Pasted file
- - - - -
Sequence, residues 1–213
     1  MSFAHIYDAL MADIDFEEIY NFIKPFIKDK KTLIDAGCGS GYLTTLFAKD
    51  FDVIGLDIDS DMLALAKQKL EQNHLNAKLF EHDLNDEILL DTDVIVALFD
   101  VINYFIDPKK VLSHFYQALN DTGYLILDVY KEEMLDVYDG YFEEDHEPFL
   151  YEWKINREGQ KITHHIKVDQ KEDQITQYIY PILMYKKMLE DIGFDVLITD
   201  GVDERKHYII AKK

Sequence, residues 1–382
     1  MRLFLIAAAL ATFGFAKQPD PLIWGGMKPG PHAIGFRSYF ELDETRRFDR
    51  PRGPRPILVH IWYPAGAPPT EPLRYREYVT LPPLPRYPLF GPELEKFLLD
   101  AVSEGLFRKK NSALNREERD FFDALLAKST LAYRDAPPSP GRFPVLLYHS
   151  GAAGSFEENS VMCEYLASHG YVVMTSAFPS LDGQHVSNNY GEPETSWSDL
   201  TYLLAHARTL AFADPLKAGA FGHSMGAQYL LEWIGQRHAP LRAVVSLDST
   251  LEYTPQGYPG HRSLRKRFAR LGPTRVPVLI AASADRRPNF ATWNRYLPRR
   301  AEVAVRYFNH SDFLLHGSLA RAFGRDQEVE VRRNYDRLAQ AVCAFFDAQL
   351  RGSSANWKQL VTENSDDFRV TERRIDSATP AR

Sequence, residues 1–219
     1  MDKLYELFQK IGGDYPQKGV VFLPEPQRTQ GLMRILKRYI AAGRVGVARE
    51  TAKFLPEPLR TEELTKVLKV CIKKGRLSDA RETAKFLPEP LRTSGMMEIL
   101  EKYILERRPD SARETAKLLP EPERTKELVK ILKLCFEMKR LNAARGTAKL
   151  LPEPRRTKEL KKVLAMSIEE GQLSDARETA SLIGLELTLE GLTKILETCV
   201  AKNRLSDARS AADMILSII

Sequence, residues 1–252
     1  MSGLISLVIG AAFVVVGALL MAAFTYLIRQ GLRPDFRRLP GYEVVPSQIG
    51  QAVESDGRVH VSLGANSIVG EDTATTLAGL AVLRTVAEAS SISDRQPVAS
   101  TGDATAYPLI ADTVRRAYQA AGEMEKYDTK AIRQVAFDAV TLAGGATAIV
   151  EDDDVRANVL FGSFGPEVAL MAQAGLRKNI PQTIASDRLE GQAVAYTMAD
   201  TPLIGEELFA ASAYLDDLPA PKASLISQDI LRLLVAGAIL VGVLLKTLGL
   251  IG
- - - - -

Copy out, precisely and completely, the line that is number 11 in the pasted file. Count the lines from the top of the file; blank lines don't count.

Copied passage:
   151  GAAGSFEENS VMCEYLASHG YVVMTSAFPS LDGQHVSNNY GEPETSWSDL